227 State St., 663-7374
On the Square, tucked between Grace Episcopal Church and the Wisconsin Historical Museum, sits this cozy and elegant wine bar, a Best of Madison 2017 winner. Lucas Henning, certified sommelier and co-owner (with wife Erin Bemis and partner Sam McDaniel), went to Oregon, Wisconsin, last year and made wine. The Graft Homage pinot noir is now ready to be enjoyed. Quite comfortable around a vineyard, Henning lived in Napa Valley, California, as well as Barolo, Italy, where he also made wine. Working with small, sustainable family-owned operations is a priority at Graft, like the Quivira vineyards Grenache from Dry Creek Valley in Sonoma County, which has flavors including bing cherry, wild strawberry preserves and black raspberry—perfect for pinot noir lovers. Enjoy small plates seasonally fresh by design to pair with every sip.
18 N. Carroll St., 229-8800 BOM
Owner and executive chef Dan Fox, a James Beard semifinalist this year (making this his third consecutive year for the prestigious award for Best Chef: Midwest) and Madison Magazine’s Chef of the Year in 2013, puts as much thought into his wine list as he does his food. This 4-year-old, just-off-the-Square restaurant offers an upscale farm-to-table menu (the pork on the menu is from heritage-breed pigs he raises on his farm) served in a rustic setting. And there’s a story behind the wine he serves. Hand-crafted wines from small family-owned farms—such as the Big Table Farm’s Laughing Pig Rosé and the Inman Family’s Pinot Noir from Sonoma County’s Russian River Valley—are blended with world varietals and listed on the menu in descending order from lighter to fuller, with 15 wines poured by the glass.
131 E. Mifflin St., 283-9500
This year’s James Beard-nominated “Outstanding Restaurant,” led by Chef Tory Miller, 2012 James Beard winner for Best Chef: Midwest, is the place to trust for exceptional food and wine selection and service. A leader in the local food movement and a staple of Madison culinary culture since 1976, L’Etoile works with more than 200 local farmers and food makers. The wine is no exception. This downtown restaurant has been included in Wine Enthusiast Magazine’s 100 Best Wine Restaurants List in 2013, 2014 and 2015. Most wines on the menu are produced by small farms, which creates an exciting list of lesser-known names. A 75-page tome of German riesling, nebbiolo, brunello, a Spanish white from the Rias Baixas region and Champagne (mostly created on small-acreage vineyards) will perhaps require navigation from L’Etoile’s team of sommeliers: Michael Kwas and Stephen McGinnis.
1 S. Pinckney St., 251-0500 BOM
A muscadet from France’s Loire Valley, which is the oldest wine-growing region in the world, tastes pleasantly of salt from seashells, with citrus notes of grapefruit and lemon. It is a white that is crisp and a companion to Sardine’s oysters on the half shell. A malbec from Argentina, a French gamay that speaks of springtime, pinot noirs and chardonnays from California and a grassy sauvignon blanc from New Zealand are included on the lengthy menu. There’s a short list of wine by the glass. Maybe bring friends to enjoy the full extent of varietal offerings. Chefs/owners and Chicago natives Phillip Hurley and John Gadau have California restaurant experience that shines through in their classic interpretation of local ingredients. This sun-filled bistro by the lake is legendary, finishing strong with gold in not one, not two, but three Best of Madison 2017 categories: brunch, lake view and seafood. Consider starting the weekend with a glass of Laurent-Perrier Champagne—crisp and elegant—while deciding among luxurious choices, such as brioche French toast, baked creamed eggs or the warm duck confit salad.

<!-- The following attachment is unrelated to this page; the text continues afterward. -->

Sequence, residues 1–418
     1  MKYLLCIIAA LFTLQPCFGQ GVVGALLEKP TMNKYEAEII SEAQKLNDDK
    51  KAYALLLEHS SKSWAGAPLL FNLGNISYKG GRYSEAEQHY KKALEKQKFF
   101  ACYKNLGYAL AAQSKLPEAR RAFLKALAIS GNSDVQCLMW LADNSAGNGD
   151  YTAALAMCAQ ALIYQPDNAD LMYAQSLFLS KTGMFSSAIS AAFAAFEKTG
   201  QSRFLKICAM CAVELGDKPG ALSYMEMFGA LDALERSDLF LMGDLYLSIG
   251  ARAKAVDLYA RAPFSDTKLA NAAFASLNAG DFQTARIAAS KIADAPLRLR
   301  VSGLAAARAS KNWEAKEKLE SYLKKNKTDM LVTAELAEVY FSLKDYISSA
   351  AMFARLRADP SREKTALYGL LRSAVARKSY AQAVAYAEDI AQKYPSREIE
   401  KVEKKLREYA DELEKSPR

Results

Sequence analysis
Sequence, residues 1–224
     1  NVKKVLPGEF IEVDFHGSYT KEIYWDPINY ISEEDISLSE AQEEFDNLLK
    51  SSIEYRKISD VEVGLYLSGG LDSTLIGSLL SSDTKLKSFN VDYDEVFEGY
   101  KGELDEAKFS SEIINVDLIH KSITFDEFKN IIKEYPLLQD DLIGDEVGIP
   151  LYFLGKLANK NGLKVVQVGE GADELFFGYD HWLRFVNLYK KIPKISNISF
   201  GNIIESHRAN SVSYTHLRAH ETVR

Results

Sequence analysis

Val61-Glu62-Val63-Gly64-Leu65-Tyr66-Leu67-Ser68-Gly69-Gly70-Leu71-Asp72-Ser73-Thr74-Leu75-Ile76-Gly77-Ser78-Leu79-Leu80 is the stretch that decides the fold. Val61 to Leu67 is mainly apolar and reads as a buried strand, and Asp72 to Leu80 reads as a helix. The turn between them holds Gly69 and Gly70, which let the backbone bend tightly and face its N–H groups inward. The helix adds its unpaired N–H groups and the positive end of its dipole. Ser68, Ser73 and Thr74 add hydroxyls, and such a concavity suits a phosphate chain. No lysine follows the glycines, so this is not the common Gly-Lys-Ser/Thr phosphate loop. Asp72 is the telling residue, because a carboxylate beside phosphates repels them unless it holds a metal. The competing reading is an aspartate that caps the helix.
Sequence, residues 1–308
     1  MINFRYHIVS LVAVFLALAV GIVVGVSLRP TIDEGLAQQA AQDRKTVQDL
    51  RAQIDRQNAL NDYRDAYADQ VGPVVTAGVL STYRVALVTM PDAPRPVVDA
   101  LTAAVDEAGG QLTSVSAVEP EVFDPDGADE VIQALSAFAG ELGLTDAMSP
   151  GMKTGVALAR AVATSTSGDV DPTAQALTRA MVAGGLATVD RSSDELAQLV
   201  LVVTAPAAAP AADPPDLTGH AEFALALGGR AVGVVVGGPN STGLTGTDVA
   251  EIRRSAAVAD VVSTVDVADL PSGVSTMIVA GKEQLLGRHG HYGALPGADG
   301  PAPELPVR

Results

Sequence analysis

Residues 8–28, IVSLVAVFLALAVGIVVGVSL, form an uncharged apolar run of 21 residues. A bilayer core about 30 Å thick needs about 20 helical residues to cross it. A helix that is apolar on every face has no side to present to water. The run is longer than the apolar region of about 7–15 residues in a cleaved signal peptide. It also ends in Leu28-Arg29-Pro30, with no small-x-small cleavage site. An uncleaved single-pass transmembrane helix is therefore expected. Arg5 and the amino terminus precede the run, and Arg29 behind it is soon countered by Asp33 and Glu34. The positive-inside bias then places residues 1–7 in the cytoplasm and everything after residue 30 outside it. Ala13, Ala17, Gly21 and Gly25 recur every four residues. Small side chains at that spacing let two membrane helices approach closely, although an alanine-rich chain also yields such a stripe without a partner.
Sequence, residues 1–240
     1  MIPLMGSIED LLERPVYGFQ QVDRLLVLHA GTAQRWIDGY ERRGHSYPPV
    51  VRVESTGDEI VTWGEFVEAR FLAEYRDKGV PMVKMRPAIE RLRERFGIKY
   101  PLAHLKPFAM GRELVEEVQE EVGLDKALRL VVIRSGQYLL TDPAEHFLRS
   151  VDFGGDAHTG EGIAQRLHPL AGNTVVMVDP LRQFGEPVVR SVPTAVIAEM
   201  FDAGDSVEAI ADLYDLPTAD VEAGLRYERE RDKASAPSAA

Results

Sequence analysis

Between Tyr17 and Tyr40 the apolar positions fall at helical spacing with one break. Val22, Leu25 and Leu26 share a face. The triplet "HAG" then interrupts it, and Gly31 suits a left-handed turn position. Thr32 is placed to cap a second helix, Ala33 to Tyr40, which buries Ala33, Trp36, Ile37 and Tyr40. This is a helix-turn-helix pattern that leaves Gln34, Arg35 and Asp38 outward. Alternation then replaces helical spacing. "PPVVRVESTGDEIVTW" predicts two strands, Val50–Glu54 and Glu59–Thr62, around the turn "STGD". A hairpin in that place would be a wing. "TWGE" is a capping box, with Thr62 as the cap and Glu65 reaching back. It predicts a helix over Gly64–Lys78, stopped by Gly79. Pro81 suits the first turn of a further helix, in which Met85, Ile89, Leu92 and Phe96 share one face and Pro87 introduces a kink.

617 Williamson St., 441-1600 BOM
Square Wine Co.
Consider this your farmers’ market of wine. This is a wine retail store stocking bottles from small growers, each with a sense of place and terroir. This is a good place to get your feet wet and have an exchange with knowledgeable staff about the wines during Friday and Saturday tasting hours. Then go out for dinner at one of downtown’s restaurants and test your newfound wine knowledge. Wine classes are offered and in the past have included pairing wine with cheese and sake with sushi. Join the club: A half-year membership allows you to receive either one or two bottles a month.
5 N. Pinckney St., 819-6191
Owners Molly Moran and husband Conor Moran, Wisconsin Book Festival director, have created a neighborhood retail space offering wine tasting in a casual, social atmosphere. Bring your own pairings to enjoy, or make this your pre-dinner stop on your way to any one of the Schenk-Atwood neighborhood’s eclectic restaurants. Offering bottles of everyday drinkable wine with knowledge and approachable service, the Morans hope you’ll pick up a bottle on your way home, or bring friends and have a glass over inspired conversation. 2045 Atwood Ave., No. 111, 284-9732
Toot + Kate’s Winebar
Sisters Megan “Toot” Clark and Kate Biechler, with Kate’s husband Ryan Biechler, want you to know that they are not wine connoisseurs, and you don’t have to be one either to come to their wine bar in downtown Verona, where you dispense wine from 16 taps yourself. They take your credit card information up front, and how much or how little you sample is up to you. From a small 2.5-ounce pour to a full glass, this is your chance to try wines you otherwise wouldn’t dare order. Down to earth, super friendly and hardly intimidating, this is the place to learn about the wines you like.
109 S. Main St., Verona, 497-1111 BOM
Exclusive wine web extras
Here are Sommelier Caitlin Suemnicht's white and red picks for the summer.